Douro wine (Vinho do Douro) originates from the same region as port wines. In the past they were considered to be a bitter tasting wine. In order to prevent spoilage during the voyage from Portugal to England, the English decided to add a Portuguese wine brandy known as aguardente. The first documented commercial transactions appearing in registries of export date as far back as 1679. Today’s Douro table wines are enjoying growing favor in the world, maintaining many traits that are reminiscent of a port wine.
Dão wine is from the Região Demarcada do Dão, a region demarcated in 1908, but already in 1390 there were taken some measures to protect this wine. The Dão Wine is produced in a mountainous region with temperate climate, in the area of the Mondego and Dão Rivers in the north region of central Portugal. These mountains protect the castas from maritime and continental influences.
Bairrada wine, is produced in the Região Demarcada da Bairrada. The name “Bairrada” is from “barros” (clay) and due to the clayey soils of the region. Although the region was classified in 1979, it is an ancient vineyard region. The vines grow exposed to the sun, favouring the further maturity of the grapes. The Baga casta is intensely used in the wines of the region. The Bairrada region produces table, white and red wines. Yet, it is notable for its sparkling natural wine.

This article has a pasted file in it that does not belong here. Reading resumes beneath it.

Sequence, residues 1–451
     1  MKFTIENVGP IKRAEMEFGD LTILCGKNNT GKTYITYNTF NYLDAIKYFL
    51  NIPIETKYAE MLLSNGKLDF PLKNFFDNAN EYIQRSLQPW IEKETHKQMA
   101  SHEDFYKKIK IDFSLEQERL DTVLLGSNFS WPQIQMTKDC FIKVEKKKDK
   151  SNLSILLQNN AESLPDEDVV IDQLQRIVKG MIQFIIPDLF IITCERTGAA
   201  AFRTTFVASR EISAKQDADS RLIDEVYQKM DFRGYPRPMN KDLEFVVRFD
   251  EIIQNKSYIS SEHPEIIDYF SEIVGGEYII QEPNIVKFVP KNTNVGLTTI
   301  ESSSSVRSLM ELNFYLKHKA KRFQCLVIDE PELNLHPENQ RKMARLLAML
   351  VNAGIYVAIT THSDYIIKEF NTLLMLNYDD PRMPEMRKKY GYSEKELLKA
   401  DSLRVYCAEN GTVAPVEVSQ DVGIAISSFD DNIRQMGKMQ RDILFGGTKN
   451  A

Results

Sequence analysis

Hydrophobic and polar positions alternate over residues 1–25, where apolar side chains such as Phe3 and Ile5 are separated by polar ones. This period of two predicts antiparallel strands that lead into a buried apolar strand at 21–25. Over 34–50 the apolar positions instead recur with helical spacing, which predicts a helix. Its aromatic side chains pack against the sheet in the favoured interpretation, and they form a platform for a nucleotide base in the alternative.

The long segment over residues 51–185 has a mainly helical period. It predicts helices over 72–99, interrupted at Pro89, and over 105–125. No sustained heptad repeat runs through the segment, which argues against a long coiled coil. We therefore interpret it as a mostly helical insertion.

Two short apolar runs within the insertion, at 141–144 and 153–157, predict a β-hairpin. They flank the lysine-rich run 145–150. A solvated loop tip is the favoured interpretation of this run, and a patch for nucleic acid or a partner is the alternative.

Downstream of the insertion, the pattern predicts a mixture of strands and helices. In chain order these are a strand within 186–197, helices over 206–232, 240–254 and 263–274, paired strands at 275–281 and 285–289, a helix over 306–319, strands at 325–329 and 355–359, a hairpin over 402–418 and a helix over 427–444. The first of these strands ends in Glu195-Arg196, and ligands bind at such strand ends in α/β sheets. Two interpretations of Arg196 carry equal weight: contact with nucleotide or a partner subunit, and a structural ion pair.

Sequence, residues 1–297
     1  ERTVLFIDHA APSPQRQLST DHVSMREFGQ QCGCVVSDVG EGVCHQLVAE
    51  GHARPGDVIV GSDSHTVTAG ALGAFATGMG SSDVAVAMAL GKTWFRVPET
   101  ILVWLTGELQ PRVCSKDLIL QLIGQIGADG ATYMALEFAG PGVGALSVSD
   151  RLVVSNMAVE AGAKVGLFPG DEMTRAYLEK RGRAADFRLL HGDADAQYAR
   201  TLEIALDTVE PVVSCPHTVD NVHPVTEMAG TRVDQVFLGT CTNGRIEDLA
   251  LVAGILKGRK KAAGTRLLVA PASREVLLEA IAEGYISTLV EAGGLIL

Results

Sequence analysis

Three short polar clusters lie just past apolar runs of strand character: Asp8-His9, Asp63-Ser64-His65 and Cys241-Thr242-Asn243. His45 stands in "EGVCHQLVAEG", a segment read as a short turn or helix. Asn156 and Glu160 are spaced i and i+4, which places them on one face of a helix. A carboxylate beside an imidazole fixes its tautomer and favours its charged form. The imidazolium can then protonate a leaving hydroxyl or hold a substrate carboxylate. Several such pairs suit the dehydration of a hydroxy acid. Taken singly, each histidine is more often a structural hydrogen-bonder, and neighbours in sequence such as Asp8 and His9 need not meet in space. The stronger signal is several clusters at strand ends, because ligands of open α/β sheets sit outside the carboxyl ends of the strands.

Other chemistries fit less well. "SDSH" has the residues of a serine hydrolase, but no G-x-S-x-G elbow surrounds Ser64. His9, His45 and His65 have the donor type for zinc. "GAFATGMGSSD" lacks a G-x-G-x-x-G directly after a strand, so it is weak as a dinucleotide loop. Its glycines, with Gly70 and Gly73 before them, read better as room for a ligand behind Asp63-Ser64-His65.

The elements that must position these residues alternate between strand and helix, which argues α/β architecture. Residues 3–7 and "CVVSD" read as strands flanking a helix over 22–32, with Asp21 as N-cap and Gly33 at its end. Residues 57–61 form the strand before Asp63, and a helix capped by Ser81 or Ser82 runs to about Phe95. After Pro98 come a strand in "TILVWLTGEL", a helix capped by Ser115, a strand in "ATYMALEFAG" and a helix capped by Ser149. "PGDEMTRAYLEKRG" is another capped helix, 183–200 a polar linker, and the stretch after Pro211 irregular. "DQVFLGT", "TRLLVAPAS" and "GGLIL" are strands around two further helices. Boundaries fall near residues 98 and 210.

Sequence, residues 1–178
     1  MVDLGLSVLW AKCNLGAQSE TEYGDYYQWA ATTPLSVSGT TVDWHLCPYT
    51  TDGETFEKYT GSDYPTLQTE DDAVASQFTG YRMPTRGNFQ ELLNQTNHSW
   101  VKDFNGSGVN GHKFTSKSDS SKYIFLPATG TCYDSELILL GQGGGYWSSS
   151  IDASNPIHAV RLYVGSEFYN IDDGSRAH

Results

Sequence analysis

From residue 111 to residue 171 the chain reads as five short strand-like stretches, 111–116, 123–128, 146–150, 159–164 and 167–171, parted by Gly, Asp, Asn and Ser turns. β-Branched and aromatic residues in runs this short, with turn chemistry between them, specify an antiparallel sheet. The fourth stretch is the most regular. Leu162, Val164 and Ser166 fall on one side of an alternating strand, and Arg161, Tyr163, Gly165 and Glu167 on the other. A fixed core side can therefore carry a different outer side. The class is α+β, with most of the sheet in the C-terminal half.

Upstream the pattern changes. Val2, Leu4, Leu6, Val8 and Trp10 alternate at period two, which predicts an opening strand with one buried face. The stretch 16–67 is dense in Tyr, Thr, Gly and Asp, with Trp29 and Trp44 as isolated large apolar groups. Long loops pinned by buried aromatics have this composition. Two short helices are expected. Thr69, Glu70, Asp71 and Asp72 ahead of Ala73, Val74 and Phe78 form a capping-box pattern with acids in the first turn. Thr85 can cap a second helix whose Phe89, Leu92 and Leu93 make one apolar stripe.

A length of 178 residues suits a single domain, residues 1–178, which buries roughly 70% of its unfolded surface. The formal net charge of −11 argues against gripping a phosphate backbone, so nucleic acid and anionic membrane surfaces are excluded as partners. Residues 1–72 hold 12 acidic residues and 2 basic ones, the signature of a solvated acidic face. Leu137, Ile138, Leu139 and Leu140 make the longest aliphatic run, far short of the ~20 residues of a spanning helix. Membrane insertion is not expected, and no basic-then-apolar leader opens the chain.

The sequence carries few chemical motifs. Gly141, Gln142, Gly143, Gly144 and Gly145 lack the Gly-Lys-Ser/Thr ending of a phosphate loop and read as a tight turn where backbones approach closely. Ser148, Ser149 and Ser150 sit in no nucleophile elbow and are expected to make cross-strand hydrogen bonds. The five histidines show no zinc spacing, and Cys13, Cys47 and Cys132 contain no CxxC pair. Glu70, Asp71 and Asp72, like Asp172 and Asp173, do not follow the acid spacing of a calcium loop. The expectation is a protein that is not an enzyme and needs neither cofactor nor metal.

Alentejo wine is produced from grapes planted in vast vineyards extending over rolling plains under the sun which shines on the grapes and ripens them for the production. Some producers of this region still do wine in great potteries as in Roman times.
Colares wine is type of wine produced in sandy soils outside Lisbon between the foothills of Sintra and Roca Cape. Because of Lisbon’s urban sprawl, the lands available for vineyards became so small, that the demands has always been higher than the production, making it one of the most expensive Portuguese wines.